On Or Off, Women’s Brains Seek PleasureMay 17, 2011 No Comments
Ahhh the beloved orgasm. We’ve seen it imitated (or simulated) in movies but we all want to experience it for ourselves.
Although it’s not at the forefront of our brains 24/7 (hormonal teenagers excepted), it’s a unique experience that has been described as euphoric, out-of-body, even transcendental. For some, it may be a spiritual or religious experience. Whatever it is, it’s the best body buzz I’ve ever had.
But what’s really happening upstairs? Scientists are saying a woman’s brain paves two pathways to pleasure — one while you’re on your own and one while you’re with a partner.
While you’re alone thinking about how sexy Brad Pitt is in Legends of The Fall, activity can be heightened in 30 parts of the brain. The prefrontal cortex, which is responsible for imagination and decision-making, is one of these major brain centers that lights up.
As powerful as the imagination is in providing pleasure, after you’ve exhausted the fantasy and got down to business with your real life partner, findings from research analyzing MRI scans of women reaching climax show that a different part of the brain deactivates.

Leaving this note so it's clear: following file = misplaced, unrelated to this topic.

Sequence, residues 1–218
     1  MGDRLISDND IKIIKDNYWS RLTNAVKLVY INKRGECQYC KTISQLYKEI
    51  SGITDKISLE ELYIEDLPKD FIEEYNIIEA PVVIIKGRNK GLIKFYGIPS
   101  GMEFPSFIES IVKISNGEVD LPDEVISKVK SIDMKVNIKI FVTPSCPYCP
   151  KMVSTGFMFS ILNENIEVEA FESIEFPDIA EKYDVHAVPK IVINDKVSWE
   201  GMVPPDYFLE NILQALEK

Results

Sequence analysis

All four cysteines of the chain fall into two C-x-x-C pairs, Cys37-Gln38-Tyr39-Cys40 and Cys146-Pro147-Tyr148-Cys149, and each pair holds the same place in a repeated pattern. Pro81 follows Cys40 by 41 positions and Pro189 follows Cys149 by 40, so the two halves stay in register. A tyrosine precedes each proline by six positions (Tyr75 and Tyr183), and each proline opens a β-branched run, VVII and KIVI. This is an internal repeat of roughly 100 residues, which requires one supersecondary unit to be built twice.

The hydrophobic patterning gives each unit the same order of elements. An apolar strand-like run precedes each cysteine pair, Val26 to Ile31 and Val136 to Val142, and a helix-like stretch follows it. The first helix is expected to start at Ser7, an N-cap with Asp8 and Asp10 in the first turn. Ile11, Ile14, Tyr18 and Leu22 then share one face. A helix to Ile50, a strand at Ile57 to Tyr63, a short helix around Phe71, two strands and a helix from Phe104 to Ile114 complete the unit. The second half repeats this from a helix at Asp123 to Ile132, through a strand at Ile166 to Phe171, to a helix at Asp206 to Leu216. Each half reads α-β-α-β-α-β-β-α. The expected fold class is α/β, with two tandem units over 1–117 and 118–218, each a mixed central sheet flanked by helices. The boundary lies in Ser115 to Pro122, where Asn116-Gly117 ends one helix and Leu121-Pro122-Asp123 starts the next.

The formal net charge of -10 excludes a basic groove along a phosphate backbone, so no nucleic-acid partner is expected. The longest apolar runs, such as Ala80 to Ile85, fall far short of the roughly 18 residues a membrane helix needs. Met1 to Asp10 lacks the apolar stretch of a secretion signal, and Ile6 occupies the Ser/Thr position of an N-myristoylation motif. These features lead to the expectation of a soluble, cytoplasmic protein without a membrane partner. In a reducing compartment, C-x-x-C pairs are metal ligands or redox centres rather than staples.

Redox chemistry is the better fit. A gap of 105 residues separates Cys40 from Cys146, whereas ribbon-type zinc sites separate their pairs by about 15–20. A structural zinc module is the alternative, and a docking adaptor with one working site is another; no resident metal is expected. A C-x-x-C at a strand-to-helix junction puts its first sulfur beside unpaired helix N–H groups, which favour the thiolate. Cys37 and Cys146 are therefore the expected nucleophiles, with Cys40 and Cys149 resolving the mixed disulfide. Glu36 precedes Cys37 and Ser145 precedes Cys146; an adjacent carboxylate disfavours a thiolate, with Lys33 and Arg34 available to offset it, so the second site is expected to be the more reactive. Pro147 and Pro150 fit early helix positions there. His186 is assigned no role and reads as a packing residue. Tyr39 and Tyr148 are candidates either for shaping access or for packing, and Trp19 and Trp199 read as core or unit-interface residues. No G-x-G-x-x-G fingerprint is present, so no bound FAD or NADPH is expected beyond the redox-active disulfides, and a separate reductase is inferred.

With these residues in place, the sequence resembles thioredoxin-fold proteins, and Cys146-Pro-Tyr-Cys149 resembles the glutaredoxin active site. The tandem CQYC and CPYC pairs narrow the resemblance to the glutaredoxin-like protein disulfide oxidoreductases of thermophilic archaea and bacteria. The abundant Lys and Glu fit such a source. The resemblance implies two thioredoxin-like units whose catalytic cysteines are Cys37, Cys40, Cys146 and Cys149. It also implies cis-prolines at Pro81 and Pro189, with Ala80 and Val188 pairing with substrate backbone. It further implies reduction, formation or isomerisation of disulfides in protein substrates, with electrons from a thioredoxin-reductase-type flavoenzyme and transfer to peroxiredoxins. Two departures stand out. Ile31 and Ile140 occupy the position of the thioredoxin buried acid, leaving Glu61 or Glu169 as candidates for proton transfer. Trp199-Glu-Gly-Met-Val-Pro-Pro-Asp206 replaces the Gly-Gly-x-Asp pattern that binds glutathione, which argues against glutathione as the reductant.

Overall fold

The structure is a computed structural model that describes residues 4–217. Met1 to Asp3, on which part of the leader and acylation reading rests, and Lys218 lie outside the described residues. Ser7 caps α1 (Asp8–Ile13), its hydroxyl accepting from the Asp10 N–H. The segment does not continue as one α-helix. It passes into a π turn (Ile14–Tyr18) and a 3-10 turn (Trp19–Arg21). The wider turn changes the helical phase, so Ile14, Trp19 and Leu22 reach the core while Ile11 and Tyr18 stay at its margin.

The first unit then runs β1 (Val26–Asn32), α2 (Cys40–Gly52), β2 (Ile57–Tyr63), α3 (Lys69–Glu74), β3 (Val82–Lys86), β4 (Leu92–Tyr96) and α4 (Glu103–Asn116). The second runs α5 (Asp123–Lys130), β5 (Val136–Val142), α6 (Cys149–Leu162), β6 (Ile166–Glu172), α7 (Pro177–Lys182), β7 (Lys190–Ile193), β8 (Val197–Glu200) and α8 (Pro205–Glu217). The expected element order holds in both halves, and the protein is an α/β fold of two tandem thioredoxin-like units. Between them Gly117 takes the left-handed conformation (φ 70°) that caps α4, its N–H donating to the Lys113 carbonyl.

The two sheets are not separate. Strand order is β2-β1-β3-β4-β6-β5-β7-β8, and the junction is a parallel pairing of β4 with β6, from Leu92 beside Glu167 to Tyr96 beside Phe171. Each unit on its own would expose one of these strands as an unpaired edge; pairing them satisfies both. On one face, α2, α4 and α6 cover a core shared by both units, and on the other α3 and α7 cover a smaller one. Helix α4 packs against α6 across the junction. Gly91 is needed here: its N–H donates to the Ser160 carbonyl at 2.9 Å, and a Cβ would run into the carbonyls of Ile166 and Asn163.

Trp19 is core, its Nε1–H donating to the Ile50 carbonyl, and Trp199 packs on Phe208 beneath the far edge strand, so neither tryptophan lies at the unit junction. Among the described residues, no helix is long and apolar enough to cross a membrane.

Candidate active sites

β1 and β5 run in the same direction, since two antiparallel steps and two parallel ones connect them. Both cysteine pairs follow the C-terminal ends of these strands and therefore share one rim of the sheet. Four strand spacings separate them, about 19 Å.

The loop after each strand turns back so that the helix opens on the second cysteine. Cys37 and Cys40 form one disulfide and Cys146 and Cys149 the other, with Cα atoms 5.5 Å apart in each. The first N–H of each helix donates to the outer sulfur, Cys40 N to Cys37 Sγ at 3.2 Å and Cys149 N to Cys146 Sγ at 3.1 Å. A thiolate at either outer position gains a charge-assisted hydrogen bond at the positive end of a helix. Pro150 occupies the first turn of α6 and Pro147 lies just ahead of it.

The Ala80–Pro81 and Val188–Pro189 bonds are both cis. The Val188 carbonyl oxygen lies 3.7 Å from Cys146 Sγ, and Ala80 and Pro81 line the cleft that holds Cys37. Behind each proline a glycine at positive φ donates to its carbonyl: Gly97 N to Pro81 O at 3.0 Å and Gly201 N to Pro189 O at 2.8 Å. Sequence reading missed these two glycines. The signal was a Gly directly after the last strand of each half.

In other words, women climax when they reach a state of bliss that scientists are comparing to an “altered state of consciousness.”
This is great news. Women are capable of feeling good when they’re alone or in company. Whether our brain is switched on or off, our synapses are singing one tune — pleasure.
Have difficulty switching off the old noggin? Not to fear. Researchers are saying that the results may help women who’ve found sex anti-climactic. They don’t tell us how, but there’s hope in that they’re working to uncover the brain mechanisms responsible for orgasms.
Until then, at least we have another option. We can find pleasure with fantasy.
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